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Nonchalant Kasab Grins, As High Court Delivers Death Sentence

Mumbai, Feb 21:  Pakistani terrorist Mohammed Ajmal Amir Kasab smiled and grinned as a grim division bench of the Bombay High Court Monday upheld the death sentence awarded to him by a lower court for

PTI [ Updated: February 21, 2011 15:03 IST ]
nonchalant kasab grins as high court delivers death sentence
nonchalant kasab grins as high court delivers death sentence

Mumbai, Feb 21:  Pakistani terrorist Mohammed Ajmal Amir Kasab smiled and grinned as a grim division bench of the Bombay High Court Monday upheld the death sentence awarded to him by a lower court for the Mumbai terrorist attacks. Kasab appeared before the division bench comprising Justice Ranjana Desai and Justice R.V. More through a video-conferencing from his cell in the Arthur Road Central Jail, shortly after 11 a.m.

Kasab walked in nonchalantly, smiling away before the camera as the judges dismissed an appeal filed by his counsel, challenging the death sentence given to him by Special Court Special Judge M.L. Tahaliyani in May 2010. "It is the rarest of rare cases. If he is not awarded the death penalty, then people might lose faith in the judicial process," the bench grimly observed.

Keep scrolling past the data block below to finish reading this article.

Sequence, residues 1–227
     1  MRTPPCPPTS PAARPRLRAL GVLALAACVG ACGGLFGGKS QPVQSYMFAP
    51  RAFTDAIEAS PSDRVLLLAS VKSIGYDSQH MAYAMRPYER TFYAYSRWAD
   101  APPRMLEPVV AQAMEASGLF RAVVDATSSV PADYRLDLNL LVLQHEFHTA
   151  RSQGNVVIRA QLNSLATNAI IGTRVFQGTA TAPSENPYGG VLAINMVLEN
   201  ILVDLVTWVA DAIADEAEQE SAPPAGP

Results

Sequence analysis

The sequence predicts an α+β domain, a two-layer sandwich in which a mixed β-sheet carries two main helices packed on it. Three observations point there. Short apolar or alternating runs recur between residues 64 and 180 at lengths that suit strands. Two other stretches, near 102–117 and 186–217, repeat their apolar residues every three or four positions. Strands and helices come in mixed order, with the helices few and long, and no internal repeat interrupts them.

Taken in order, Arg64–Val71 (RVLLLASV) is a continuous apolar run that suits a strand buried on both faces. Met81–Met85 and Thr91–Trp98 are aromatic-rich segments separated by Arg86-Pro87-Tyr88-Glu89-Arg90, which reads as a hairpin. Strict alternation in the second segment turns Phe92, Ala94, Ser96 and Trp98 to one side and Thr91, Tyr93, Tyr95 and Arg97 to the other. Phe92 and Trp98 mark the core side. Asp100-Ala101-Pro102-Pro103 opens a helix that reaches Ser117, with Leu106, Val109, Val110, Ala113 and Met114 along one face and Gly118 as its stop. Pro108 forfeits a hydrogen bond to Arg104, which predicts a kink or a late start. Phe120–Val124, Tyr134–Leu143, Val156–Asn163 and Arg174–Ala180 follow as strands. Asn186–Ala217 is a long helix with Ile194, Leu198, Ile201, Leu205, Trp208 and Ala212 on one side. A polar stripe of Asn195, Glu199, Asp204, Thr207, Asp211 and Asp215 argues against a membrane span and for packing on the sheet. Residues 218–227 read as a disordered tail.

The court upheld the four counts on which Kasab was slapped with the death sentence by Special Judge Tahaliyani last May, including the killing of three top Mumbai police officials - former anti-terrorism squad chief Hemant Karkare, encounter specialist Vijay Salaskar and Additional Commissioner of Police Ashok Kamte. A total of 166 persons were killed in the mayhem let loose by Kasab and nine other Pakistani gunmen during the 60-hour Mumbai terror attacks on Nov 26-29, 2008. While Kasab was the sole gunman caught alive, his nine accomplices were killed in the encounter with the combined security officials.

Outside, Ajmal Amir Kasab's lawyer, Farhana Shah, said that her client still has a chance and is likely to appeal in the Supreme Court against the Bombay High Court's order, which upheld his death sentence. "We will go through the judgement and then suggest Kasab on the next course of legal action. It is upto Kasab to decide. The honourable court has given a verdict according to what it thought was right," said Farhana.

"We have to go through the copy of judgement, then decide what to do next. Kasab has a chance and he can appeal in the Supreme Court. High Court said Kasab along with Abu Ismail are responsible for the deaths," she said.

Amin Solkar, the senior lawyer who defended Ajmal Kasab in the 26/11 case, today said it was a challenging job for him to take the brief of the Pakistaniterrorist, whom he frequently found in a "wavering frame of mind".

"I found Kasab in a wavering frame of mind....in the initial stage of every legal interview he appeared to be calm and polite but as it went on he would go wild and just walk off," Solkar told PTI over phone from Seoul in South Korea,where he is on a holiday.